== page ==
The United Nations was part of life in Cyprus. Its peacekeeping forces have been in my country since the early 60s when I was born. I saw them everyday patrolling and sometimes, bringing food to the local population. I saw their commitment to help others live secure, peaceful and better lives. They inspired me.
My career started with the Department of Public Information at the United Nations Headquarters in New York under a three-month temporary contract. Seven years later, I passed the United Nations professional exams and moved on to the Information Systems Unit in the Facilities Management Division. Here, I was part of a core group appointed to get the Organization’s critical computer systems ready ahead of the 1999 computer bug scare also known as the Y2K bug.
Currently, I am with the Webcast Unit in the Television Section, managing the live and on-demand Internet broadcasting, and new media projects, including the United Nations Channel on YouTube.
After 20 years, I am still constantly looking for technological innovations to improve existing work or to begin new projects. When I joined the United Nations in 1989, personal computers were just being introduced and the Internet was yet to be a mass market commodity. Since then using technology to open up the work of the Organization to as many audiences as possible has been my work and my passion.
It started by introducing database programming and desktop publishing. This evolved into covering major United Nations conferences outside Headquarters via the Internet.
My first outside assignment was the Human Rights Conference in Geneva in 1993. I brought a portable Lan network with me to connect all the computers. With the help of the International Computing Centre in Geneva, we created a basic email system, to send conference news to all United Nations Information Centres across the world. It was also the first time we had created an electronic database for media accreditation.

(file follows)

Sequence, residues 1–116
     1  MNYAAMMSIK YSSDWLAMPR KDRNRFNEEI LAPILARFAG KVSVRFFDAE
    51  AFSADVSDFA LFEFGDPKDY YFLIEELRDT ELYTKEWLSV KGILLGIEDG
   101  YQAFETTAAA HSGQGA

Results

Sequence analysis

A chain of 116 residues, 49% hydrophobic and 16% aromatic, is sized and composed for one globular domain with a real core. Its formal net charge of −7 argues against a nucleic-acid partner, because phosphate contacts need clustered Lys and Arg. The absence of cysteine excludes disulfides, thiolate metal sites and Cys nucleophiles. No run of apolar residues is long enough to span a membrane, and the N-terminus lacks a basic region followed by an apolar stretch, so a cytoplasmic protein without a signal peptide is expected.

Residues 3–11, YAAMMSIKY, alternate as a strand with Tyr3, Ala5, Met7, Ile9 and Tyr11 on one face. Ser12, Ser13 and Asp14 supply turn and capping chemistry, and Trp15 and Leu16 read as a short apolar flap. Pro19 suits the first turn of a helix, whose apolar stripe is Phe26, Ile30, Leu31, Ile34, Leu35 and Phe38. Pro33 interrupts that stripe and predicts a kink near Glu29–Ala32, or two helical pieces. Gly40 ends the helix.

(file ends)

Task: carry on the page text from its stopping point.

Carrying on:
The turning point was the introduction of the Internet in 1995. It provided a great opportunity to bring visibility to the Organization; we developed the United Nations website, which won an internal award from the United Nations Secretary-General for innovations and efficiency brought to the Organization’s work.
By 2001 we had developed the United Nations Webcast, and began broadcasting live on the Internet United Nations meetings and events held at the Headquarters in New York as well as major United Nations Conferences worldwide. This initiative also won an award for breaking new ground.
Today, we are using some of the latest technology to “open the doors” of the General Assembly, the Security Council and other major United Nations bodies, meetings and events, to the widest possible audience.
It was important to give people the opportunity to watch and listen in real time from anywhere in the world, the discussions, deliberations and positions of United Nations Officials and Member States on various issues that could affect their lives; this promotes transparency. And, it is really rewarding when we receive positive feedback from users around the world.
The United Nations has given me a lot. My work has allowed me to travel to over 30 countries where I have been given the opportunity to interact with other people and learn about their cultures, customs as well as living conditions. Whether it was spending time with the Maasai in Kenya, or the local people in Rwanda, Ghana, South Africa, Thailand, Indonesia, and Kazakhstan, it has been a priceless and gratifying experience.
It has also been very humbling. I have discovered that wherever people live, they have aspirations for a better life for themselves and their families; in some place it is tougher, in other places it is easier. I am grateful for the opportunity to contribute my small part.